Europe is closing ranks
Two years of a pandemic and more than six months of military attacks on Ukraine have changed Europe and Switzerland's view of Europe. The Swiss are taking another, albeit small, step toward the EU.
Thirty-two percent of Swiss voters believe that the events of the last 12 months have strengthened the European Union. This may not seem impressive at first glance, especially considering that a whopping 57% believe the opposite. But the trend tells a different story: Today, three times more people are expressing this positive opinion than in 2019 (10%).
This is because 52% realize and recognize that the war in Ukraine has helped Europe to join forces. What's more, the consensus reached on aid and economic sanctions – however difficult it was to obtain – underscores a fundamental feeling of solidarity like never before. Furthermore, the rift caused by the pandemic is significantly less pronounced than it was in 2021. However, 63% (–7pp) still say that Europe has drifted apart in the wake of COVID-19.
Slight uptick in trust
The assessment of "Better, but not yet good" with regard to Europe is an underlying theme of the Worry Barometer. Trust in the EU has risen steadily since 2019 from 14% to 22%, but it is still at a modest level. It is also quite low compared with the Federal Council, the police, and the Federal Supreme Court, which have earned the trust of about two-thirds of the population. Only the political parties and the churches inspire a similarly modest amount of trust.
People's self-assessment of their own country remains high by international comparison, but the pandemic and war have laid bare Switzerland's vulnerability. For 92% (–3pp) of voters, the Swiss economy is in rather good / very good shape compared with other countries, which is an excellent result. This figure has only been lower once since 2012 – namely in 2017 (89%).
believe that Switzerland's image abroad has deteriorated.
The situation is similar for the image that Switzerland enjoys abroad. In the eyes of 82% (–5pp), it is rather good / very good, but in this case as well, the value has been lower only once in the last ten years (in 2015, at 73%). The change in self-assessment is even more striking when we look at how Switzerland's image has changed over the last 12 months. Twenty-one percent (–15%) feel it has improved, while 33% (+6pp) say it has worsened.
Is this the direct result of the end of negotiations on the framework agreement in May 2021? Now that some time has passed, what do voters think about this political situation? Forty-nine percent (–2pp) of voters consider the decision to be mostly correct / definitely correct, while 42% (+2pp) are convinced of the opposite. In other words, not much has changed here.
Hope for a new framework agreement
Of the seven options available for governing future relations with the EU, the negotiation of an institutional framework agreement is still clearly favored. In second place and in departure from the previous year is accession to the EEA, which is now considered a better path than suspending the bilateral treaties without further development. The termination of the agreements on the free movement of persons is also mentioned as a possible solution, while the rejection of the bilateral treaties or even of special relationships with the EU is considered just as futile as accession to the EU.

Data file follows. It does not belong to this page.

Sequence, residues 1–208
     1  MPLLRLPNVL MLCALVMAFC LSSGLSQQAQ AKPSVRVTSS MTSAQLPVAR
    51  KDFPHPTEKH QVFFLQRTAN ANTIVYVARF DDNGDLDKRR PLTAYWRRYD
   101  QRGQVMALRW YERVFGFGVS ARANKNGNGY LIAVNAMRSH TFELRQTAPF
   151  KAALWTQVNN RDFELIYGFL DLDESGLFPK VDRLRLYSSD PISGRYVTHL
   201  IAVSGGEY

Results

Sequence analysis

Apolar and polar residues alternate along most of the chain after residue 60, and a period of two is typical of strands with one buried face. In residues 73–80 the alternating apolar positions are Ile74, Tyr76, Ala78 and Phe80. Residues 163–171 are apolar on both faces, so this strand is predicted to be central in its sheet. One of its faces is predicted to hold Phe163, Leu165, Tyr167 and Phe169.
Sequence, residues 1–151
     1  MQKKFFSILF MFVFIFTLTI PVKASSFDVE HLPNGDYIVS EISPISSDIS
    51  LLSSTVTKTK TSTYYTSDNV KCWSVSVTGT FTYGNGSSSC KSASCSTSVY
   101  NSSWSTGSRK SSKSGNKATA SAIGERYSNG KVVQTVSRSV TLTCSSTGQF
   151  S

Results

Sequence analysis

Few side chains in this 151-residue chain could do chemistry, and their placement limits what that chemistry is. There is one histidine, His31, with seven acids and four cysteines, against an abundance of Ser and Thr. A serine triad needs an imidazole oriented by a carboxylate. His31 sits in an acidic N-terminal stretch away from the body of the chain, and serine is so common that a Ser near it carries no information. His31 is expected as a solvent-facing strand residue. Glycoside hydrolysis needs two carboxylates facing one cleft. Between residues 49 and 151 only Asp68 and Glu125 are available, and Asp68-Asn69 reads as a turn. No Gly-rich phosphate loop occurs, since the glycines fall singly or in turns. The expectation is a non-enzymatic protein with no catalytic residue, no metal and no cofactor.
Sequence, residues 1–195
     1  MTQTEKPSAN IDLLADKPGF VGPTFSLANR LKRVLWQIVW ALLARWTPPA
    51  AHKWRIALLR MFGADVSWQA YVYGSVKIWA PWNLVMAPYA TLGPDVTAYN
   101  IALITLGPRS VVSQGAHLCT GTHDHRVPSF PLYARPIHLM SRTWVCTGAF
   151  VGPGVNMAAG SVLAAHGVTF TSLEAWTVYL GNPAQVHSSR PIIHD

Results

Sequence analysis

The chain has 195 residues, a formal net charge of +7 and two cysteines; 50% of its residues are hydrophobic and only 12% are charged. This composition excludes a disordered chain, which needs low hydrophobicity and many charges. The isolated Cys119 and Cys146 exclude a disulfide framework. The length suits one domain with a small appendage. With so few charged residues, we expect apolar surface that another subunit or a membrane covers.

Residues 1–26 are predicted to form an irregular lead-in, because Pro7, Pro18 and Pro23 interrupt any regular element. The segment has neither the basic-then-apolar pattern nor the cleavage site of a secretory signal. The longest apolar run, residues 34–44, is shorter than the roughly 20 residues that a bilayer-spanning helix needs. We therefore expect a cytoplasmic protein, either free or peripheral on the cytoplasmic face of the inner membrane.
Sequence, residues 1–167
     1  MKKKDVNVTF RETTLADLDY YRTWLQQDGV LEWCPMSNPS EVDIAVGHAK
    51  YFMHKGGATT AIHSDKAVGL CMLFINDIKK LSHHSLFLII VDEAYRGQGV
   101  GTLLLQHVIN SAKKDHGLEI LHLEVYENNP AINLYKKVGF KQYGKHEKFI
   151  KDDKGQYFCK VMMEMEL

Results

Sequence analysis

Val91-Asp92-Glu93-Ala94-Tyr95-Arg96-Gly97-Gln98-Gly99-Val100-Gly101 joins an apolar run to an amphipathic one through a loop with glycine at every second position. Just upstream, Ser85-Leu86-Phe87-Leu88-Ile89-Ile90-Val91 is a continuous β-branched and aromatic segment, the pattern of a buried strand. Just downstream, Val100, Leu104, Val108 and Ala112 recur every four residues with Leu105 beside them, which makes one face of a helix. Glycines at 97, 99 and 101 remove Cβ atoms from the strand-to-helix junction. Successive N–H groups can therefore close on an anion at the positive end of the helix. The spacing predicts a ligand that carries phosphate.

Consequently, the discussions on an institutional framework agreement must continue, as 76% (unchanged) of voters consider stable relations between Switzerland and the EU to be important. The same figure of 76% (+1pp) applies specifically to the bilateral agreements.
On a scale of 1 to 10, the assessment of the Worry Barometer shows an average of 6.4 in terms of the importance of a breakthrough in negotiations with the EU and 5.0 in terms of confidence that a satisfactory agreement will be reached. Many are looking to the Federal Council in particular. Forty percent said that responsibility lies with the federal government, and 21% pointed to the Swiss delegates in Brussels.
By contrast, only 14% consider the EU to be chiefly responsible. Altogether, therefore, a clear majority of 61% of eligible voters believe that, when it comes to developing ties with the EU, the ball is now primarily in the Swiss government's court. This opinion has been voiced by members of all political parties. Although the supporters and members of some mainstream parties (SVP 25%, FDP 17%) are most likely to see responsibility as being with the EU, they also assign some responsibility to the Federal Council (SVP 37%, FDP 38%), although not to the same extent as the Greens (50%), the SP, the GLP, and nonpartisan voters (44% each).
These figures are in line with the classification of Swiss foreign policy as rather defensive / very defensive. This year, a hefty 71% agreed with this assessment (+5pp) – more than ever before. Accordingly, a low percentage of Swiss, namely 20% (–5pp), feel that the country's foreign policy is on the offensive. They may have expected a rapid negotiation offensive, including alternative proposals. Consequently, no less than 76% (+1pp) are calling for an active approach, while only 16% (+2pp) feel restraint is needed.
Moving away from a niche policy
Fifty-four percent (+4pp) believe that Switzerland can compensate for difficult access to the EU market by stepping up trade relations with third countries, while 37% (–5pp) see this differently. At the same time, only 36% (–9pp) are in favor of Switzerland having a niche policy – in 2020, it was 53%. The majority of the population – namely, 52% (+11pp) – believes that negotiating power on economic issues can be improved by moving closer towards a unified EU position.